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Asian currencies were subdued on Monday in a week packed with central bank meetings in Indonesia and the Philippines and by the US Federal Reserve, the Bank of Japan and the Bank of England.

Indonesia’s rupiah, Malaysia’s ringgit, the Chinese yuan and the Taiwan dollar fell 0.1% each.

The Philippine peso, the Singapore dollar and Thailand’s baht were trading flat.

“Sentiments seem to be treading on some ‘calm before the storm’ in the lead-up to a series of key central bank ‘live’ decisions this week,” said Yeap Jun Rong, market analyst at IG.

Consensus expectation is for the Fed to hold rates but stay hawkish at the end of its two-day meeting on Wednesday, while Bank Indonesia (BI) and the Bangko Sentral ng Pilipinas (BSP) are expected to keep rates steady at their respective policy meetings on Thursday.

“The recent pickup in inflation (in the Philippines) likely means the central bank will have to maintain its hawkish rhetoric and push back against expectations of policy easing,” analysts at Barclays said in a note.

Meanwhile, there is a lot of uncertainty about the Bank of Japan’s policy decision after recent comments from Governor Kazuo Ueda stoked speculation of an imminent move away from ultra-loose policy.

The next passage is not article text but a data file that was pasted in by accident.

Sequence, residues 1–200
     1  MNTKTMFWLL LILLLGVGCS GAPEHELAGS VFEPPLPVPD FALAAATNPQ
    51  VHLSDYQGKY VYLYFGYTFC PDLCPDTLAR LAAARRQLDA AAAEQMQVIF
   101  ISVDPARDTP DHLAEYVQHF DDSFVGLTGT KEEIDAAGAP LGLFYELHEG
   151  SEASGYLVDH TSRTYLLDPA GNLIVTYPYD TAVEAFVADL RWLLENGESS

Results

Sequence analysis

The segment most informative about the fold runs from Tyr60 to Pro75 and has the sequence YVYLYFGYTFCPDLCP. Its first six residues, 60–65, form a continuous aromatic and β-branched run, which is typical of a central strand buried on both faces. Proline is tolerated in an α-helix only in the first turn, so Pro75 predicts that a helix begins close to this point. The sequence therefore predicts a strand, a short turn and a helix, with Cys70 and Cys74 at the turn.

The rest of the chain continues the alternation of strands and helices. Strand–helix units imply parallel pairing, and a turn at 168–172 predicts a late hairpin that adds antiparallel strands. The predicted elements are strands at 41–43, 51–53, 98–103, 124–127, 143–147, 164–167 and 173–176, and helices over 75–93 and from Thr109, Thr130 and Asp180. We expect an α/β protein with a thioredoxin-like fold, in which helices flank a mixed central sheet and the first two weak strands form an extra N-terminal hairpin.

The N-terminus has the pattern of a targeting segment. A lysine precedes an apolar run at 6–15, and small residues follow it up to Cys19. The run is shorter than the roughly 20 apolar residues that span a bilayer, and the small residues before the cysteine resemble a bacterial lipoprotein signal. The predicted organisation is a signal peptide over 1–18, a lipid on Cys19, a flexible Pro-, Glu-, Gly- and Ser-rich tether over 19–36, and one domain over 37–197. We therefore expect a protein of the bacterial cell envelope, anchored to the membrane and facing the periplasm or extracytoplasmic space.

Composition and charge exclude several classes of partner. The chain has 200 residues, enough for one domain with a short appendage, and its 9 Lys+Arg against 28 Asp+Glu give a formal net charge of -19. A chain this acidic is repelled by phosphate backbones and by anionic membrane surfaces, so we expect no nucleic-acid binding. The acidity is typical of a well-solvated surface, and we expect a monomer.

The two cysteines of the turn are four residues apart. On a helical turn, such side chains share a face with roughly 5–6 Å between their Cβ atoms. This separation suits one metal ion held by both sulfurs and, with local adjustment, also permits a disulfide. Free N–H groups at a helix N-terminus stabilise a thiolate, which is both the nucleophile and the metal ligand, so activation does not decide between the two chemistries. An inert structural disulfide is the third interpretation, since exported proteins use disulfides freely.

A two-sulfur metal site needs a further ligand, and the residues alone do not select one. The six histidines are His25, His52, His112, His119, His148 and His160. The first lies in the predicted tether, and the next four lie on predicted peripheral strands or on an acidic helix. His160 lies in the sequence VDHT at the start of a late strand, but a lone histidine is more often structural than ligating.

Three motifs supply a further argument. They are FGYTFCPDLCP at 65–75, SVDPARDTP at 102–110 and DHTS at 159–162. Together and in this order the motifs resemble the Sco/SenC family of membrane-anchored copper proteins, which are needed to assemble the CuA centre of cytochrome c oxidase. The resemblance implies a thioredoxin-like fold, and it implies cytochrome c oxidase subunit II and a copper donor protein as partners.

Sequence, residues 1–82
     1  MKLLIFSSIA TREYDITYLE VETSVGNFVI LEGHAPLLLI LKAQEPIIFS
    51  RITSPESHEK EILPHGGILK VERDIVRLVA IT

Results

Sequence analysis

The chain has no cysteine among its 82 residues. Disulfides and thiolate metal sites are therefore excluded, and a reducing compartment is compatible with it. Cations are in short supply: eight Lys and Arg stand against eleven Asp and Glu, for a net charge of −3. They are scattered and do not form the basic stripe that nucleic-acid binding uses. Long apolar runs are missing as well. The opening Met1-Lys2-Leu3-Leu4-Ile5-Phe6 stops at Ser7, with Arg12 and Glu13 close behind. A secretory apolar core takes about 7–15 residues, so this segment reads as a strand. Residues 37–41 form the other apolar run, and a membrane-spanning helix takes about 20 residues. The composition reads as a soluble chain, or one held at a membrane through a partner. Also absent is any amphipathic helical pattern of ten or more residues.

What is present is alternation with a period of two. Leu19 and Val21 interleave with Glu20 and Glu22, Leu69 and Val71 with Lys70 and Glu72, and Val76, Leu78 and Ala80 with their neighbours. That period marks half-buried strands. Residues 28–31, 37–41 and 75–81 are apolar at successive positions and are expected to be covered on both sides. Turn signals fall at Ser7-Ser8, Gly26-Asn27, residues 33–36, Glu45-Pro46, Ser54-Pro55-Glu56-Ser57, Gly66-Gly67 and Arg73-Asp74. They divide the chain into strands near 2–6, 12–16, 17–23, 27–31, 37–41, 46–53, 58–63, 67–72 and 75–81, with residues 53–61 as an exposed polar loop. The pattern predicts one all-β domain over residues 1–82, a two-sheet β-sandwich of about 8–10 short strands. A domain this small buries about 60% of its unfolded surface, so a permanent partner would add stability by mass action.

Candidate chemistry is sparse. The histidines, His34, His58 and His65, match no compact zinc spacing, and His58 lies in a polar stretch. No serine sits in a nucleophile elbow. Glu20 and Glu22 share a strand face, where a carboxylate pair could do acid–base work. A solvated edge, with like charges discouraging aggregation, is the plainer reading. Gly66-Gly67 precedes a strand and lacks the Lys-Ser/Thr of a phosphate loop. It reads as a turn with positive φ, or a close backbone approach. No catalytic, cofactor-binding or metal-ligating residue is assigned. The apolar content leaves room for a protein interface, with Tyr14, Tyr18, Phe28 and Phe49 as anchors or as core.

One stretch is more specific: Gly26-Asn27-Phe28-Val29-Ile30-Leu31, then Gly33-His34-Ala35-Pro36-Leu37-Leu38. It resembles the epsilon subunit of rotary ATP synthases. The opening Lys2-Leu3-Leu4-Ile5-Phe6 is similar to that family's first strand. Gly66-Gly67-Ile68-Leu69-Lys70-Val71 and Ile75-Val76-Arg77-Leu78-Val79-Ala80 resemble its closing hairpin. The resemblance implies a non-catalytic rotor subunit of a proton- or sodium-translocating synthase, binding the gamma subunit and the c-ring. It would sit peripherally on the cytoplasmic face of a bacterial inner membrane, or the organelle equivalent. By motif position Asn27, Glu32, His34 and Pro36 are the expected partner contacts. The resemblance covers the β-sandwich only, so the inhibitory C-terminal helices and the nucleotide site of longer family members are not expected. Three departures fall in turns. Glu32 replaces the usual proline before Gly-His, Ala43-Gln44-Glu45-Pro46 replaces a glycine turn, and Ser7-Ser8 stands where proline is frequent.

The yen, which has fallen over 11% so far this year, was up 0.1%.

On Thursday, Bank of England is tipped to hike for the 15th time and take benchmark borrowing costs to 5.5%.

“Risk appetite will be heavily influenced by any shifts in interest rate expectations over the coming week,” said Tim Waterer, chief market analyst at KCM Trade.

An extended rally in oil prices to a 10-month high stoked inflationary pressures and sapped appetite for net importer of Asian currencies such as the South Korean won and the Thai baht.

Separately, data showed Singapore’s non-oil domestic exports fell for an 11th straight month in August as the trade-reliant economy continues to grapple with global headwinds on inflation and declining demand.

Stocks across emerging Asia were broadly lower, with equities in Taipei declining 1.2% and leading losses.

Shares in Indonesia, South Korea and Thailand dropped between 0.4% and 0.9%.

Equity market in Japan was closed for a public holiday.

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